Posted on: May 8, 2023 Posted by: Glacier Staff Comments: 0

Graphic by Emily Stephens

By Mio Ovalle, Freelance Contributor, and Emily Stephens, Graphics Editor

Across the country, a flurry of anti-trans legislation is taking place.

The legislation targets LGBTQ people in various ways, from restricting access to bathrooms and health care, to banning trans girls and women from playing sports, to banning drag performances. Some bills even go out of their way to prevent school staff and students from using students’ preferred pronouns and names.

As trans activist Erin Reed tells The Glacier, “Three or four years ago, it was just transgender people in sports, and that was all anybody talked about. Now it’s trans people and our medical care, pronouns, bathrooms, everything.”

Data from

Graphic by Emily Stephens

The sheer number of bills introduced across the country has increased dramatically and quickly. In 2020, the number of anti-LGBTQ bills was 66. That number more than doubled in 2021, for a total of 144 bills. In 2022, the total was 174. In only the first five months of 2023, the number has risen to 537.

“I feel like every single year, it appears that there is this race to the bottom,” Reed said. “We’ve not found the floor yet in terms of how badly they will target people.”

Here’s a rundown of some of the main types of legislation being proposed and passed.

Gender-Affirming Care

Bills such as Florida’s SB254 will allow the state to take temporary custody of trans and gender nonconforming kids if their parents affirm the child’s gender. Multiple bills outright ban gender-affirming healthcare such as Kentucky’s HB150, while others forcibly out trans students regardless of the students’ safety at home. 

Texas’s SB1646 would criminalize parents who affirm their children’s genders and get them gender-affirming health care. Child service agents are knocking on the doors of families with a trans child and notifying the parents that they can potentially lose custody of their child just because they affirm the identities of their children.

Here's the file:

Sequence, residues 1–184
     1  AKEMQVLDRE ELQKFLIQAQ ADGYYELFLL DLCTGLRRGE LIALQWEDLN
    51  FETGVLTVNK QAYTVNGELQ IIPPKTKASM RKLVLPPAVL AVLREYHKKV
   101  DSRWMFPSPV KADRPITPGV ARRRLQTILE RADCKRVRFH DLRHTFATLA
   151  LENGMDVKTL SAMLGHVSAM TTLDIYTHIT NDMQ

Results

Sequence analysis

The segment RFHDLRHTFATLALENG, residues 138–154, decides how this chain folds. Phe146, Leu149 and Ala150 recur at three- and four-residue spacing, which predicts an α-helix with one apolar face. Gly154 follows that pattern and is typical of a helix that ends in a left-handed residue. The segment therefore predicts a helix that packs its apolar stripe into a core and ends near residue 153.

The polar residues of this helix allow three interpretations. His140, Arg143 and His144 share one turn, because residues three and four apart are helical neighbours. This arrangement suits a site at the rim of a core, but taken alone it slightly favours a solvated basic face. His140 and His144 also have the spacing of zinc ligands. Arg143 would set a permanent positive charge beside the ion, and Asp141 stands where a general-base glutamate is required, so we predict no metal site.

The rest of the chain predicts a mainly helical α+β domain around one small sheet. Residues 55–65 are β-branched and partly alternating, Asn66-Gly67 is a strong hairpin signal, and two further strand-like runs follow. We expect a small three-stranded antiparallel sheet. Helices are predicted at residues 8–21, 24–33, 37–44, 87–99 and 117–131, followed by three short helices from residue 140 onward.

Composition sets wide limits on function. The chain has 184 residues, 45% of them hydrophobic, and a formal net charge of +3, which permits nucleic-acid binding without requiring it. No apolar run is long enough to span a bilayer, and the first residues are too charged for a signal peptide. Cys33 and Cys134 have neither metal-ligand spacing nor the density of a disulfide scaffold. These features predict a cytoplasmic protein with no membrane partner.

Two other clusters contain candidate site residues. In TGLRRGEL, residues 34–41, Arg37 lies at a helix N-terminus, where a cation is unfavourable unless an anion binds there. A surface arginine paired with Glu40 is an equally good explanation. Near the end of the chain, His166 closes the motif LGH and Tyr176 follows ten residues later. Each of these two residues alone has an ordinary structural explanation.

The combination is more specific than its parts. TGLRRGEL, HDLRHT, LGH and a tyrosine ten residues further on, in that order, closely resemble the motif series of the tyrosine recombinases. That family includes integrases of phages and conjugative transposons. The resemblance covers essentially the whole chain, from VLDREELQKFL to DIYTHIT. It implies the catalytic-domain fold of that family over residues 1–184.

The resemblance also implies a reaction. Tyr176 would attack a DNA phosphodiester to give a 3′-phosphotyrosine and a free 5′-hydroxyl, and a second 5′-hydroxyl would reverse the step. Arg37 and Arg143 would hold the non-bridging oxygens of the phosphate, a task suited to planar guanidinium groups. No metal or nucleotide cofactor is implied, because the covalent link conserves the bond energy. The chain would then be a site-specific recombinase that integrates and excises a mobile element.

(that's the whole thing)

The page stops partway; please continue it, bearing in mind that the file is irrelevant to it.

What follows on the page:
Last month, neighboring Indiana became one of the latest states to ban gender-affirming care for those under 18.

Reed describes testimony given by therapists who oppose such legislation: “There’s also these new laws in places like Indiana, Mississippi and Kentucky that define the crime of aiding and abetting gender transition. And so that doesn’t just target us, but also the people that help us–it targets our caregivers. For instance, there was a therapist who testified that this might make it illegal to use a trans person’s pronouns in a therapeutic setting.

“So this is the world we’re living in right now. They’re targeting trans youth and all trans people in a variety of very harmful ways.” 

According to the New York Times, “Missouri this month became the first state in the country to severely restrict gender treatments for people of all ages, following a series of quieter moves across the country that have been chipping away at transgender adults’ access to medical care.”